It is childish, opportunist and dangerous.

      And yet many prominent opinion formers, commentators and political
columnists merrily dance along with this tune. To some it is just a matter
of not having enough courage; others do it because they aspire to get on (or
remain on) the ruling politicians' social invitation lists, or simply in the
hope that sucking up will further their chances of getting their snouts into
the trough of wealth filled by those in power.

      Let's put the evidence of the latest manifestation of this disease on
the table. When Robert Mugabe realised some years ago that his shine as
guerrilla leader had worn off after twenty years in power and his
op-position threatened to unseat him, he lost all the taste for democracy we
all thought he had. In the name of giving his people their land and their
dignity back, he transformed Zimbabwe into a state riddled with oppression,
fear, violence, poverty and hunger. In five years he did more to discredit
the dream of an African Ren-aissance than Thabo Mbeki and Olesugun Obasanjo
had done to promote it.

      African governments suddenly suffered from erectile dysfunction, some
praising Mugabe with faint condem-nation, others openly declaring him an
African hero. Thabo Mbeki seems to think the best way out is to wait for
Mugabe to die one day.

      And now, in 2005, there is a small window of opportunity to change
Zimbabwe around: an election scheduled for March. But that election can only
be a real window for Zimbabwe's rebirth if it is a truly free and fair test
of the people's will.

      With the judiciary in Mugabe's pocket, tens of thousands of young
Zanu-PF thugs running around with orders to intimidate and disrupt the
opposition, draconic legislation and no free media, that election can only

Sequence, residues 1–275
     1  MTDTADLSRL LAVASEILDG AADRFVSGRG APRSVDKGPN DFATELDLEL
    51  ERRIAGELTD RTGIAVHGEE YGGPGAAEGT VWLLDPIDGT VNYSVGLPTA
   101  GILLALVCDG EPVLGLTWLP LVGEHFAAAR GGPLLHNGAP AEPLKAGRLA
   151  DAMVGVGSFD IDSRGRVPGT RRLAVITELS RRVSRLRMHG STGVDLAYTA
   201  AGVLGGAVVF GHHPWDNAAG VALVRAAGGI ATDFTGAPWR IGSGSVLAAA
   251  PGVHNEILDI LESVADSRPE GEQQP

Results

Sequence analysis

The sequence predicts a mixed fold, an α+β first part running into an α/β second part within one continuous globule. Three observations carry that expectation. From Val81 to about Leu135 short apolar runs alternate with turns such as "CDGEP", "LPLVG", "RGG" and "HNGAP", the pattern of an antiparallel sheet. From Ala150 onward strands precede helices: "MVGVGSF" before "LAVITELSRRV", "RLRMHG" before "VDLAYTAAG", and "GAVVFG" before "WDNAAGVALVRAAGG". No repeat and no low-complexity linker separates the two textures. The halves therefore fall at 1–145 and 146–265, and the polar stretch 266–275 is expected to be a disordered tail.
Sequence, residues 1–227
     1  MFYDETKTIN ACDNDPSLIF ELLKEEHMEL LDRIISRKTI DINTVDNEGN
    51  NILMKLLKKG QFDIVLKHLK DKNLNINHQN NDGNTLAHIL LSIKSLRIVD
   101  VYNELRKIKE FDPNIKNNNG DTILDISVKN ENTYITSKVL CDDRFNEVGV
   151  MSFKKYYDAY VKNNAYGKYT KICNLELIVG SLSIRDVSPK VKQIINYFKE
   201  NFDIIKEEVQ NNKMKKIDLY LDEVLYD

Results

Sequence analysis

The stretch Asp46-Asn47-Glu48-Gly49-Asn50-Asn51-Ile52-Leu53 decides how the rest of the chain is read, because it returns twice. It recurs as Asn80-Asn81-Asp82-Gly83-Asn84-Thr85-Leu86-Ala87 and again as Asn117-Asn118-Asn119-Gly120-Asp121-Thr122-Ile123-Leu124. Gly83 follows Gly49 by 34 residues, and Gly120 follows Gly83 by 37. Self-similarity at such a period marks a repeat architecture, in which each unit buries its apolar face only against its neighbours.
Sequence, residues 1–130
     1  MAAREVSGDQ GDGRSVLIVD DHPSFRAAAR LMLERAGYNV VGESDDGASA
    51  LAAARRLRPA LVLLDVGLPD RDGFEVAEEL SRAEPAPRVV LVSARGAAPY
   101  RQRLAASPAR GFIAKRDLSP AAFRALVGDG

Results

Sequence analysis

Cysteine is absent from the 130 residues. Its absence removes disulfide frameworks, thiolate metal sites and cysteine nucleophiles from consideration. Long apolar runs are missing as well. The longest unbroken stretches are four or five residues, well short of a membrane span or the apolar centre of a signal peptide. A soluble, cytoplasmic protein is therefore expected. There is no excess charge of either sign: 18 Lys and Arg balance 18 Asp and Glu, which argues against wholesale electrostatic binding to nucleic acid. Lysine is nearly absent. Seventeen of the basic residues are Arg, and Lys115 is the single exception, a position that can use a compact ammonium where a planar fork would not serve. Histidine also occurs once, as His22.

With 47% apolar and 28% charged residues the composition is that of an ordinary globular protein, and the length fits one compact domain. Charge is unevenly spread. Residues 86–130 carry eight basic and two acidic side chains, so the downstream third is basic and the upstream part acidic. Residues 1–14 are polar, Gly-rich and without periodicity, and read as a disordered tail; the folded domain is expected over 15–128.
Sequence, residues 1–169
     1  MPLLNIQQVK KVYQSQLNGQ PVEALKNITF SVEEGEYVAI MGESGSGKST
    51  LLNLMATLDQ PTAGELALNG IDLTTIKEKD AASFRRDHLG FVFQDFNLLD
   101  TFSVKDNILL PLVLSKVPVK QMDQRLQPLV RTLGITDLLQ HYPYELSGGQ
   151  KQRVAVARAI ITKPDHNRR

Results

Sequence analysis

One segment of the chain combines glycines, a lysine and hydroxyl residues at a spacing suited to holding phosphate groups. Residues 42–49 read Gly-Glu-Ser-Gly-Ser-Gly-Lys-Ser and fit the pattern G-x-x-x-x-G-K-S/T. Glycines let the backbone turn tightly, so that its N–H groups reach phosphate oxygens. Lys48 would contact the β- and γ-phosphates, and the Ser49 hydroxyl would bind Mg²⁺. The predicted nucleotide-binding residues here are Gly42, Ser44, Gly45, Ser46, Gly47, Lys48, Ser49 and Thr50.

be a sham.

      Those who really care about Africa and its people should be deeply
concerned about this state of affairs. Cosatu clearly does and decided to do
something about it. They did it the right way: concerning themselves with
their fellow workers in Zimbabwe ("an injury to one is an injury to all")
and generating pressure by sending delegations to that country.

      They stated clearly that they were concerned about the human rights of
Zimbabwean workers and the prevailing conditions before the elections.

      Cosatu launched similar actions around the rights of Swaziland workers
in the past and is also closely involved in Lesotho.

      This is African solidarity at its best. The two Cosatu dele-gations
were refused entry to Zimbabwe, but the incidents increased pressure on
Harare and highlighted the repression in the pre-election period. The
actions would have been even more successful if Cosatu's comrades in
government did not sell them out. (Labour Minister Membathisi Mdlad-lana
really let the cat out of the bag when he declared - in Harare - that
African governments were alarmed that trade unions were jockeying for
political position.)

      All good Africans should therefore praise rather than lambaste Cosatu.
And yet the Youth League, other ANC leadership elements and assorted
commentators vilified Zwelin-zima Vavi and his colleagues, criticising their
"futile exercise" and, of all things, accusing them of meddling in the
affairs of another country.

      Cosatu's actions only benefited the Democratic Alliance, white South
Africans and the West, many said.

      It shouldn't matter who also thinks the political climate in Zimbabwe
is bad and dangerous and what the motivation for that thinking is.

      The same applies to issues like HIV and Aids, mother tongue education,
electoral reform in South Africa, political interference in sport, a basic
income grant for the poor and the narrow focus of black economic